import { ChatOpenAI } from "@langchain/openai";

Pipe the StringOutputParser through since both chains which use this model will also need this output parser.

const model = new ChatOpenAI({ model: "gpt-4" }).pipe(new StringOutputParser());

We're going to use BufferMemory as our memory chain. All this will do is take in inputs/outputs from the LLM and store them in memory.

import { BufferMemory } from "langchain/memory";
const memory = new BufferMemory({
returnMessages: true, // Return stored messages as instances of `BaseMessage`
memoryKey: "chat_history", // This must match up with our prompt template input variable.

Now we can construct our main sequence of chains. We're going to be building ConversationalRetrievalChain using Expression Language.

import {
} from "langchain/prompts";
import { RunnableSequence } from "@langchain/core/runnables";
import { formatDocumentsAsString } from "langchain/util/document";
import { BaseMessage } from "langchain/schema";
import { StringOutputParser } from "@langchain/core/output_parsers";

Construct the chain

The meat of this code understanding example will be inside a single RunnableSequence chain. Here, we'll have a single input parameter for the question, and preform retrieval for context and chat history (if available). Then we'll preform the first LLM call to rephrase the users question. Finally, using the rephrased question, context and chat history we'll query the LLM to generate the final answer which we'll return to the user.


Step one is to define our prompts. We need two, the first we'll use to rephrase the users question, the second we'll use to combine the documents and question.

Question generator prompt:

const questionGeneratorTemplate = ChatPromptTemplate.fromMessages([
"Given the following conversation about a codebase and a follow up question, rephrase the follow up question to be a standalone question."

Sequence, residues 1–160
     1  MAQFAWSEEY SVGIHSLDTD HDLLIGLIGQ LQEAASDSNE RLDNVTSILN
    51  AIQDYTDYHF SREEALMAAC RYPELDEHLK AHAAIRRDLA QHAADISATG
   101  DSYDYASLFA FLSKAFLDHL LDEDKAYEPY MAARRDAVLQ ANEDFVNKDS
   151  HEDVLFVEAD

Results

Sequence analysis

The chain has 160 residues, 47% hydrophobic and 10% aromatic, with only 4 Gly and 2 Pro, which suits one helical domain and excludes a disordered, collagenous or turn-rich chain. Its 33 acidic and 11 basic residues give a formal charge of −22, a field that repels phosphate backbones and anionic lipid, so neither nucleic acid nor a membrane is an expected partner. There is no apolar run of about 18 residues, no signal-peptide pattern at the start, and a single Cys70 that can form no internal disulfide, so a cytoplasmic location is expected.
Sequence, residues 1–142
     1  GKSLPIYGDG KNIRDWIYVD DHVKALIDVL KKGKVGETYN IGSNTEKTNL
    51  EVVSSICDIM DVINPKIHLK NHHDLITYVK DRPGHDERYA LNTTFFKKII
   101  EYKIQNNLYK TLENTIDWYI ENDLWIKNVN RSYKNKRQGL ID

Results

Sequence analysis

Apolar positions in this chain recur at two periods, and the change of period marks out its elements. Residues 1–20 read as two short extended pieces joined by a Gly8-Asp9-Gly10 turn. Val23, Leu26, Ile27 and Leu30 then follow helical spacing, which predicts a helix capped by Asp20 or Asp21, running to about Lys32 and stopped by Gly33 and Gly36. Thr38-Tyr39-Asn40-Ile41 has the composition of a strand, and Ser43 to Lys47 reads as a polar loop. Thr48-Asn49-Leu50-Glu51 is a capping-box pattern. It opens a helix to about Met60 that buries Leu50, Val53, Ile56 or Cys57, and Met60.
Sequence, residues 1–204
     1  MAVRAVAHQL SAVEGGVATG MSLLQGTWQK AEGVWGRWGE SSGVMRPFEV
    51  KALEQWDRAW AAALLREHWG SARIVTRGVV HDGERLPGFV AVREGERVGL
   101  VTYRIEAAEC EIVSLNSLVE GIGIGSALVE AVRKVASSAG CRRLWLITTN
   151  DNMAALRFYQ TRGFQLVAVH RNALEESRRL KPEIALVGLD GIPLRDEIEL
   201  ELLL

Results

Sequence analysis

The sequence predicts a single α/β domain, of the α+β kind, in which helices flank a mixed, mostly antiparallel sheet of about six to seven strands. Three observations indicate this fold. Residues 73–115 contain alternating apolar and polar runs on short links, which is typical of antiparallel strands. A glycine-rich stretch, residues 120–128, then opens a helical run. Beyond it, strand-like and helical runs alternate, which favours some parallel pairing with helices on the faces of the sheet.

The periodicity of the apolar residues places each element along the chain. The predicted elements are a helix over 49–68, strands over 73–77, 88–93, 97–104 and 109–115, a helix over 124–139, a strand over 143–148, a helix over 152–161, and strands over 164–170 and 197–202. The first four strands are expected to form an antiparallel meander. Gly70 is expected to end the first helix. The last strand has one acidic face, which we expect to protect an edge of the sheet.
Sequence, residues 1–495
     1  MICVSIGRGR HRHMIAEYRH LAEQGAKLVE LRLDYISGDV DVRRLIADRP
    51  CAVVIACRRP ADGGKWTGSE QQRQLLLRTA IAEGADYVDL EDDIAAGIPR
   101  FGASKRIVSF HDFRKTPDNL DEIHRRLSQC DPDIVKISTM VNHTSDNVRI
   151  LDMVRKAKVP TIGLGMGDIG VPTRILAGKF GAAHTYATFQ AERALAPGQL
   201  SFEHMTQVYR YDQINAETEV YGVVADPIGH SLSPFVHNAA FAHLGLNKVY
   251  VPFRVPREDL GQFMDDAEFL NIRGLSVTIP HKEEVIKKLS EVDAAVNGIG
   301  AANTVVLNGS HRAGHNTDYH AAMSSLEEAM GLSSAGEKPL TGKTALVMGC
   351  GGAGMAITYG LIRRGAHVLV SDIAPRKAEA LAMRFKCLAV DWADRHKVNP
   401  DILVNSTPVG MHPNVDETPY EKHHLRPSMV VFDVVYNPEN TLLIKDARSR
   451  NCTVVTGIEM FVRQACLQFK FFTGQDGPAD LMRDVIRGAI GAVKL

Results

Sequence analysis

new MessagesPlaceholder("chat_history"),
AIMessagePromptTemplate.fromTemplate(`Follow Up Input: {question}
Standalone question:`),

Combine documents prompt:

const combineDocumentsPrompt = ChatPromptTemplate.fromMessages([
"Use the following pieces of context to answer the question at the end. If you don't know the answer, just say that you don't know, don't try to make up an answer.\n\n{context}\n\n"
new MessagesPlaceholder("chat_history"),
HumanMessagePromptTemplate.fromTemplate("Question: {question}"),

Next, we'll construct both chains.

const combineDocumentsChain = RunnableSequence.from([
question: (output: string) => output,
chat_history: async () => {
const { chat_history } = await memory.loadMemoryVariables({});
return chat_history;
context: async (output: string) => {
const relevantDocs = await retriever.getRelevantDocuments(output);
return formatDocumentsAsString(relevantDocs);
new StringOutputParser(),

const conversationalQaChain = RunnableSequence.from([
question: (i: { question: string }) => i.question,
chat_history: async () => {
const { chat_history } = await memory.loadMemoryVariables({});
return chat_history;
new StringOutputParser(),

These two are somewhat complex chain so let's break it down.

  • First, we define our single input parameter: question: string. Below this we also define chat_history which is not sourced from the user's input, but rather preforms a chat memory lookup.
  • Next, we pipe those variables through to our prompt, model and lastly an output parser. This first part will rephrase the question, and return a single string of the rephrased question.
  • In the next block we call the combineDocumentsChain which takes in the output from the first part of the conversationalQaChain and pipes it through to the next prompt. We also preform a retrieval call to get the relevant documents for the question and any chat history which might be present.